Unveiling RustBucket: A Mac-targeting Malware Campaign by BlueNoroff APT

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In a recent discovery by cybersecurity experts at Kaspersky Lab, a sophisticated variant of a malicious downloader has been identified, marking the resurgence of the notorious BlueNoroff APT group. This new campaign, aptly named RustBucket, specifically targets macOS users, focusing its attacks on financial institutions, companies associated with cryptocurrency, and even private individuals involved in the crypto space.

The modus operandi of RustBucket has evolved since its earlier iterations, which distributed malicious payloads through applications masquerading as innocent PDF viewers. The latest version, however, was concealed within a ZIP archive housing a PDF file titled “Cryptocurrency assets and their risks to financial stability.” The file, adorned with a seemingly innocuous cover page, carries a creation date of October 21, 2023.

The distribution method of this malicious archive remains shrouded in mystery, though past campaigns suggest cybercriminals may employ email as a primary delivery channel. Users are often tricked into opening seemingly legitimate files, unwittingly unleashing the malware onto their systems.

One notable aspect of RustBucket’s evolution is the use of a seemingly legitimate application called EdoneViewer, written in the Swift programming language. The executable, presented in a universal format compatible with both Intel and Apple Silicon chips, initially carried a valid signature. However, the attackers’ certificate was subsequently revoked after its discovery, underlining the ever-evolving nature of cyber threats.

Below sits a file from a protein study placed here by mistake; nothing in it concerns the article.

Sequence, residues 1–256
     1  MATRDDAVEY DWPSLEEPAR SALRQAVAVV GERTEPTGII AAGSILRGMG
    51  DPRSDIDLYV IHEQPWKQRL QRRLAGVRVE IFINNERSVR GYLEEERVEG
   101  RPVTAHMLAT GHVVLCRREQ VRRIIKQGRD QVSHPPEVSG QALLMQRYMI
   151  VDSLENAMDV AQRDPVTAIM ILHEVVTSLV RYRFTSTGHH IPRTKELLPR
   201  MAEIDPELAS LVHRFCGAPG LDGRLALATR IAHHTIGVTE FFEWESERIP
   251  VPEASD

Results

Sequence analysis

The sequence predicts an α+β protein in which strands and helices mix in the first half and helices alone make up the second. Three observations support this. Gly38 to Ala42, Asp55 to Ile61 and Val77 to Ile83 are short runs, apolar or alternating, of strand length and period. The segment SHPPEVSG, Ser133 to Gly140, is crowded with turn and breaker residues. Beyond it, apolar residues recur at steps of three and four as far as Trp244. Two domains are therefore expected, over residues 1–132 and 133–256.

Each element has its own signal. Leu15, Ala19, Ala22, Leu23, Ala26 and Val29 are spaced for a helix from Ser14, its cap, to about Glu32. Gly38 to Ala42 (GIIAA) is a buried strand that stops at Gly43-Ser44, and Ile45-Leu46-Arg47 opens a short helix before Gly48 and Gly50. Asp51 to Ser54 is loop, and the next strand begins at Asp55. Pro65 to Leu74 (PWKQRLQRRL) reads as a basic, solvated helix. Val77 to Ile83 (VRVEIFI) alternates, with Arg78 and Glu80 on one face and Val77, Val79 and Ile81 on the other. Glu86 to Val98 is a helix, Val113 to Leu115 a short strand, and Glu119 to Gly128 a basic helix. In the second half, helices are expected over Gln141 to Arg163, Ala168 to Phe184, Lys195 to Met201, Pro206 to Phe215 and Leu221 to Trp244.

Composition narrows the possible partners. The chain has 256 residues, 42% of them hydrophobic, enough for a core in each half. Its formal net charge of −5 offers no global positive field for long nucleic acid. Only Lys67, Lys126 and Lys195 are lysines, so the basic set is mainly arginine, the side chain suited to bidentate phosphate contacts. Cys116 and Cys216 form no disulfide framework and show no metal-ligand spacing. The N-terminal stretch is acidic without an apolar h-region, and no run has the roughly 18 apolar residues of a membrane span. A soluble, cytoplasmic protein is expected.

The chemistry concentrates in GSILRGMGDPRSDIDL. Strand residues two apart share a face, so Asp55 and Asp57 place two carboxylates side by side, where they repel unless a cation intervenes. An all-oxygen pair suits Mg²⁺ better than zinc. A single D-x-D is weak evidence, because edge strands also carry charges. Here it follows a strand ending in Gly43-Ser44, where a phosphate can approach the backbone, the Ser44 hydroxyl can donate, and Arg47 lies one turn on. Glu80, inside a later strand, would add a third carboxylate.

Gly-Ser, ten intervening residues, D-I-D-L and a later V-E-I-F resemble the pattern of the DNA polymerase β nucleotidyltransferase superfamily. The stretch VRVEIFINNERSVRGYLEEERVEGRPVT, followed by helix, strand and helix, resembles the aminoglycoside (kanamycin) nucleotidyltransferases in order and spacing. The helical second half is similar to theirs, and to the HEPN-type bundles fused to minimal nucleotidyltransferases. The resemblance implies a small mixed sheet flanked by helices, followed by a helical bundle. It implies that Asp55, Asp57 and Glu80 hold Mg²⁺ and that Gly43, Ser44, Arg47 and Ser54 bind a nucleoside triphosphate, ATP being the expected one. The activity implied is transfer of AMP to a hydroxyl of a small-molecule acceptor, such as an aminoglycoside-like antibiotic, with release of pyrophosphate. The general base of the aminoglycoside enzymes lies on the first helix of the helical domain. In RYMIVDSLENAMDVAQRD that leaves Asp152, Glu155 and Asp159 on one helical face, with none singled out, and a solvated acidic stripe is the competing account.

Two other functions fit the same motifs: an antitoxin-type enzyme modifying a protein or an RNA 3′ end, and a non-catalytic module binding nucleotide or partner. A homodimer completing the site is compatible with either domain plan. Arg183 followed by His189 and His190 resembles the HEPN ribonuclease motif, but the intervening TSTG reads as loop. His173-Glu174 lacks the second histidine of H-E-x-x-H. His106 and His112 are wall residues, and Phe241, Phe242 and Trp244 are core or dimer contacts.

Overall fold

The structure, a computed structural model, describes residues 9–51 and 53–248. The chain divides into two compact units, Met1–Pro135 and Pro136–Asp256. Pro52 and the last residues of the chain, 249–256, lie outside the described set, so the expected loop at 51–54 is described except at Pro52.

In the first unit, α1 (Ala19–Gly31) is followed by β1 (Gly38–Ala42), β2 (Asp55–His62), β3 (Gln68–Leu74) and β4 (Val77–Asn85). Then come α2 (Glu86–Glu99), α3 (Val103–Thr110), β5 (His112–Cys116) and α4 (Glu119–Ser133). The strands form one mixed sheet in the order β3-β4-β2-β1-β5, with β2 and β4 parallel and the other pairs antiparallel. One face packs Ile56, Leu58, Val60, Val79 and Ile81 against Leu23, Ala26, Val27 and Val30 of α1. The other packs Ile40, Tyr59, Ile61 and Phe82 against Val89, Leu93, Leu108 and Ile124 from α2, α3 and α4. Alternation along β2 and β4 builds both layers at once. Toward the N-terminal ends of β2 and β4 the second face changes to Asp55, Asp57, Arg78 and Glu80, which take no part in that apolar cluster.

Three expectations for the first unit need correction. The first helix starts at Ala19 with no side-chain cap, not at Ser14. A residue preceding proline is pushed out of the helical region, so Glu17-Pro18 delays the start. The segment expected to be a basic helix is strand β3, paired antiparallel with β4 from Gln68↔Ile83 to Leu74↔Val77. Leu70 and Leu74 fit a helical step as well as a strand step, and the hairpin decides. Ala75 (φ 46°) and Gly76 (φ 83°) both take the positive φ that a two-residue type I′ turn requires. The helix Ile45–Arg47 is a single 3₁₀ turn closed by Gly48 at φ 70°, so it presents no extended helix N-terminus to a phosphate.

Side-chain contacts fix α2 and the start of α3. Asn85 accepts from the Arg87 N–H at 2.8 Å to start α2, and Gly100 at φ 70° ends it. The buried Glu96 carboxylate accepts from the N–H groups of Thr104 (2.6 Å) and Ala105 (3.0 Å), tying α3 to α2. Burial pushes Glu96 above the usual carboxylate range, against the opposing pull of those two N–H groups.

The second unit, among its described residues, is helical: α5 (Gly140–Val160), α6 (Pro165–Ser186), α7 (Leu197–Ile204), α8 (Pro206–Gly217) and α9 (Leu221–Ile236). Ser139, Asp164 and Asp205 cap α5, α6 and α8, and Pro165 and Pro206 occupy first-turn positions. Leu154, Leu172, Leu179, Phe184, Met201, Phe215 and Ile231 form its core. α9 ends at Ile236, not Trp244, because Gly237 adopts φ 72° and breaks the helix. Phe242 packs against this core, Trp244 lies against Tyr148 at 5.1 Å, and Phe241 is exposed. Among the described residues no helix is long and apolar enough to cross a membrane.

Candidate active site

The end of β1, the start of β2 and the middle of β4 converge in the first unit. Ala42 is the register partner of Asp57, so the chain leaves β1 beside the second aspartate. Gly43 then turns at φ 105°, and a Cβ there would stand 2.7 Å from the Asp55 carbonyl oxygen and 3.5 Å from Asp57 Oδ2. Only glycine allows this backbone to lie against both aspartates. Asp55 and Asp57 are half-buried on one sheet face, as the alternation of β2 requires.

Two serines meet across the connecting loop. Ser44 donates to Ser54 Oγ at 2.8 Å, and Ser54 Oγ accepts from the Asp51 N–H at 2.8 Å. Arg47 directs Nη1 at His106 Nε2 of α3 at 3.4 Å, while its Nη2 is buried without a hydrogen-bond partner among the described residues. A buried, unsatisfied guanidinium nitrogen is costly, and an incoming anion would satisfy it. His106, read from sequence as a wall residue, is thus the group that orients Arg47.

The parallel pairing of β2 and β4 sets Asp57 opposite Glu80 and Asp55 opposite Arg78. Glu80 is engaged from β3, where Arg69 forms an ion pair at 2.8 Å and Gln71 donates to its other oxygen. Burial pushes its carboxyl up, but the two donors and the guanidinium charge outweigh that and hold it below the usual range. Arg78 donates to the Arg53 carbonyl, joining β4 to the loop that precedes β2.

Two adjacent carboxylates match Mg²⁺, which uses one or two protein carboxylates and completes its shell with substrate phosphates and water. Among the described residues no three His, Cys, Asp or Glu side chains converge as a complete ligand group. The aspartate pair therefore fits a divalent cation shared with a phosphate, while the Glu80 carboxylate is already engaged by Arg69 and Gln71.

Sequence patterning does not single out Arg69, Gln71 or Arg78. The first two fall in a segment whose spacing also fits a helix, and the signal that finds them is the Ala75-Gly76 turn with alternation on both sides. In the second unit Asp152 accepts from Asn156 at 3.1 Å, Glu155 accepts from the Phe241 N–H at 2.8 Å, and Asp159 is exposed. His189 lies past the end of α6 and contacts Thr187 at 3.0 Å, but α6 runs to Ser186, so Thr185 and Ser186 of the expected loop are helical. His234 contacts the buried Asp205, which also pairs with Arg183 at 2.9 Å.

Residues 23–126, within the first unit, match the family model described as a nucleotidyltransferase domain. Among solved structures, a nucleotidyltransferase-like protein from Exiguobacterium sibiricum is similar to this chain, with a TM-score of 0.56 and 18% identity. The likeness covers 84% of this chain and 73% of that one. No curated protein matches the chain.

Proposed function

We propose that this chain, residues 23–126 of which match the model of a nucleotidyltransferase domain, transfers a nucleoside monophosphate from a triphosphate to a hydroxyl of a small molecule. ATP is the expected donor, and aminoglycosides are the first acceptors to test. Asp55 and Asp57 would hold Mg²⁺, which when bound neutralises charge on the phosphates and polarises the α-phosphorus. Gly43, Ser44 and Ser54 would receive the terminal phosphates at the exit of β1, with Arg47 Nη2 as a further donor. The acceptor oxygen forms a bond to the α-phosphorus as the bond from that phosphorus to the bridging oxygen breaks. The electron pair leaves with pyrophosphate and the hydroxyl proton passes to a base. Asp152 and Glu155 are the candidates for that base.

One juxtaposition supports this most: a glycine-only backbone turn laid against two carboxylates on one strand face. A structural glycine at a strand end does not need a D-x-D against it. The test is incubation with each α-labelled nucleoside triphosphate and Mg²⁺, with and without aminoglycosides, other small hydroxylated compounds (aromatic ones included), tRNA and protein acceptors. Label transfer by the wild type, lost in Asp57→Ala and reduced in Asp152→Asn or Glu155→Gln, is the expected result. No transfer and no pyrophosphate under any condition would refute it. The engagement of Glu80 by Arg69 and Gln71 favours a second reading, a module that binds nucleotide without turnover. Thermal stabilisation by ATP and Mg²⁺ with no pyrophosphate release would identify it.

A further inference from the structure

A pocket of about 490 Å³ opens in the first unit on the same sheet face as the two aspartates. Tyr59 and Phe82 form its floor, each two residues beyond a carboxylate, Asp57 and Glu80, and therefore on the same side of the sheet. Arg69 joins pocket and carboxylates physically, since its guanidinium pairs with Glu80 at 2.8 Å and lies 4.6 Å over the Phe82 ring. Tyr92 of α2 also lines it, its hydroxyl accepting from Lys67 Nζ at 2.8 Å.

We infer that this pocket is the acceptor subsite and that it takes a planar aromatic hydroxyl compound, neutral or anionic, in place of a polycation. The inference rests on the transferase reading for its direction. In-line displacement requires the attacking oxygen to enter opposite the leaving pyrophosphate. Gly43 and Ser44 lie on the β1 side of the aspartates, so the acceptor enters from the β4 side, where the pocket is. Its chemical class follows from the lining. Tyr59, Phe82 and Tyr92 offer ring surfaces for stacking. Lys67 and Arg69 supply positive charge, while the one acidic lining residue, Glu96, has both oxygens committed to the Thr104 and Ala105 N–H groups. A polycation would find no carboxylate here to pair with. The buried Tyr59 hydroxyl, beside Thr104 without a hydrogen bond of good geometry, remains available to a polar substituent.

The malicious payload, encoded using XOR encryption, undergoes decoding orchestrated by the CalculateExtameGCD function, culminating in an AppleScript format. This script, when executed, initiates a sequence of shell commands. These commands include distraction tactics like downloading a decoy PDF file and, more critically, sending a request to a server with the response stored in a concealed file named “pw.”

The universal .pw file, identified as a Trojan previously in August, plays a pivotal role in the RustBucket campaign. It systematically collects and transmits vital system information, including the computer name, operating system details, time zone, and a list of currently running processes. This information is transmitted to the command and control (C2) server, on-global[.]xyz.

The Trojan operates cyclically, sending data to the C2 server every minute, awaiting commands that could potentially unleash the next stage of the attack. Intriguingly, researchers, during their analysis, did not receive any commands from the server, leaving the contents of the subsequent attack stage shrouded in uncertainty.

While the lack of received commands during analysis might have hindered a full understanding of RustBucket’s capabilities, the silver lining lies in the fact that the Trojan is now widely detected by most antivirus solutions. This discovery highlights the constant cat-and-mouse game between cyber defenders and threat actors, urging users to remain vigilant and keep their security software up to date in the ever-evolving landscape of cybersecurity threats.

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